In my 40+ years of experience as an advertiser in the hotel space, I can tell you with certainty that search engine marketing (SEM), which includes click-throughs and conversions from Google Adwords, as well as retargeting and other paid digital mediums, can be an especially fruitful channel, but only when properly executed.
How then do you know if you’re doing it right? As a general manager, start by posing these three questions to your director of marketing:
- Can you tell me, unequivocally, that the money that we are spending in SEM is generating better returns than the rate of commission paid to the OTAs?
- What percentage of our SEM budget goes to buying our own brand name – that is, the ‘bottom-of-the-funnel’ – and ask why are we spending this much?
- If you were given the same budget, could you generate the equivalent revenue through alternate marketing vehicles? What would you do?
One of the beauties of SEM is that every dollar spent as well as every dollar earned is measurable. Hence, many directors of marketing have come to use the resultant metrics as a crutch to justify their allocation of funds to this segment instead of trying riskier, longer-term, top-of-the-funnel marketing tactics. The most obvious negative consequence of relying on universal quantification and accountability of advertising dollars like this is that it promotes an overreliance on SEM channels where inevitably there are diminishing returns.
When pay-per-click rates were pennies or even a buck, this wasn’t problem. But now that every hotel is wise to the game and the monopolistic Google strives ever-harder to increase their own margins from click-through bids, what ends up happening is your team continues to fine tune its SEM campaign only to get the same results.
And due to the incumbent fear of diverting resources to other vehicles that lack wholly transparent ROAS tracking, the solution is to simply throw more money down the SEM well. Eventually, as the owner or operator you wake up one day to find out that you’ve spent thousands – maybe even hundreds of thousands – of dollars to secure what is essentially direct revenue from already primed consumers.
Instead, we must collectively rethink the true value of marketing, namely in its ability to establish a position for our properties that will support long-term rate increases. While digital expenditures like SEM are important for buyers at the time of purchase, they are not nearly as effective when it comes to making your property memorable.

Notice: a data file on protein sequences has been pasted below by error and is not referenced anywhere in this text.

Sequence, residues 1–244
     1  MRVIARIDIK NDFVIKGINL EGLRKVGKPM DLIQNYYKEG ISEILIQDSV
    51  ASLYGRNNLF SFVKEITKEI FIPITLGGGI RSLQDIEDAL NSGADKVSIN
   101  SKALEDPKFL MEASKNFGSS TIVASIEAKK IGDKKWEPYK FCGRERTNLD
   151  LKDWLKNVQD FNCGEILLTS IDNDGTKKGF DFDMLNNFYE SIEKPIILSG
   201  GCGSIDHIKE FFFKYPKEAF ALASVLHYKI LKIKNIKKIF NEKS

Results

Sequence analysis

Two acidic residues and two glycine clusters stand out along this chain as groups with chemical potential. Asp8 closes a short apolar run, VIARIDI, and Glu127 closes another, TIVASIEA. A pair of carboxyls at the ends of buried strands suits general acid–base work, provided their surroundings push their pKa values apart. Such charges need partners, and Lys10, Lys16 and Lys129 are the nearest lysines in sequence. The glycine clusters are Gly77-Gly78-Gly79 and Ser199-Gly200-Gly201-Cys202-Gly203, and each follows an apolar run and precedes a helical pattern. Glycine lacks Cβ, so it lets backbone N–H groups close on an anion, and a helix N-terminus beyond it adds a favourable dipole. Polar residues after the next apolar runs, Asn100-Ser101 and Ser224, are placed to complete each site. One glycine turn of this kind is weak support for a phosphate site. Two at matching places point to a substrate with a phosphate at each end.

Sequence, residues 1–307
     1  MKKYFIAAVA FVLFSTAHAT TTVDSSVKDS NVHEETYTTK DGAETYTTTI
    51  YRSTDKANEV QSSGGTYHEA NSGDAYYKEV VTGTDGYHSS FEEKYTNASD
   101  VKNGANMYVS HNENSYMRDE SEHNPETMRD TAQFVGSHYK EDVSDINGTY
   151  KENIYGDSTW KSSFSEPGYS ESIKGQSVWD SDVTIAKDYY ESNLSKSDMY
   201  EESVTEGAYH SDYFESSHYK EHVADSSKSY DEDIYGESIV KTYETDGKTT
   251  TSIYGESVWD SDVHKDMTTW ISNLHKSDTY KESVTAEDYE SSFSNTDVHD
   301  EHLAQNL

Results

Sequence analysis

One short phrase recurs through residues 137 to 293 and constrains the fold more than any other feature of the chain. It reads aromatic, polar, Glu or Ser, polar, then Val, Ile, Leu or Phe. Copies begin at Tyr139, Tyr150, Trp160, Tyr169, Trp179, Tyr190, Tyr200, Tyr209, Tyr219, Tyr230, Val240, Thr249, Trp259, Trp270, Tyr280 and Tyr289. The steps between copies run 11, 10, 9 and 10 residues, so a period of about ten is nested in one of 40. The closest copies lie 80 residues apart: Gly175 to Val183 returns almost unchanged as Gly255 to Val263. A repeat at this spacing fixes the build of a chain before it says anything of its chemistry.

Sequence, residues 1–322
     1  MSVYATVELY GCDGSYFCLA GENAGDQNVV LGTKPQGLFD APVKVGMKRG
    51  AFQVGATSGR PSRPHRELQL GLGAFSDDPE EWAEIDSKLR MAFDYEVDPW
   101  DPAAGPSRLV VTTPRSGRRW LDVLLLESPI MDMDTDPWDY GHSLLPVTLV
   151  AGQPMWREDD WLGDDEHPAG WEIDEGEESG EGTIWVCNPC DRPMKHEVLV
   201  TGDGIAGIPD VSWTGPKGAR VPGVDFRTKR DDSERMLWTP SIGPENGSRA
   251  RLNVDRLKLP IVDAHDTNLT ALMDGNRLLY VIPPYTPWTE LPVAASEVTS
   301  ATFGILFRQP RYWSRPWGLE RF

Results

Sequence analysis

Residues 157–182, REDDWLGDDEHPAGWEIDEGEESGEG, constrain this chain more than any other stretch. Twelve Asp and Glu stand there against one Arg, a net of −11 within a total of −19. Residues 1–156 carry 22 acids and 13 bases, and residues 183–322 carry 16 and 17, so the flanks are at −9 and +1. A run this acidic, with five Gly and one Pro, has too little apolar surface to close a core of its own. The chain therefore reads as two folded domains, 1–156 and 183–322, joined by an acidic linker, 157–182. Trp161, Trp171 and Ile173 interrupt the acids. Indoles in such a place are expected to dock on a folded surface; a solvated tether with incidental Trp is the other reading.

If you are totally satisfied with your ADR and believe that there is no reason to increase rates beyond the tiers that you currently find yourself in, then keep spending everything you logically can on SEM. However, in my experience at least, I have never heard a GM express complete satisfaction at the rates they’ve achieved. Simply put, these digital efforts are mostly short-term fixes, helping to drive promotional rates and ultimately lowering ADR or preventing it from growing at a reasonable pace.
Perhaps it’s time to wean yourself off this approach. And so, what about an alternative?
The arsenal of marketing vehicles available to your team is extensive. But before you commit funds one way or another, you need both a strategy and a unifying creative concept or two. Broadly stated, real marketing is a combination of strategy and tactics that deliver a provocative message to your target audience. This is not simply a numerical equation. And, it is not easy! This will probably require brushing off a lot of the elements that have been sitting like rusty relics in your team’s marketing toolbox.
The spectrum of hotel marketing has changed, though. Programs that worked a few years ago may not be enough in today’s crowded hospitality ecosystem. You need to rejuvenate a bespoke and branded program for your property. Chances are that your marketing team and your digital agency are not fully ready for this challenge. Nevertheless, the time to rethink your SEM budget is now while you still have a solid loyal user base to garner initial uptake and feedback for any alternate approaches undertaken.
(Article by Larry Mogelonsky, originally published in Hotels Magazine on August 25, 2017)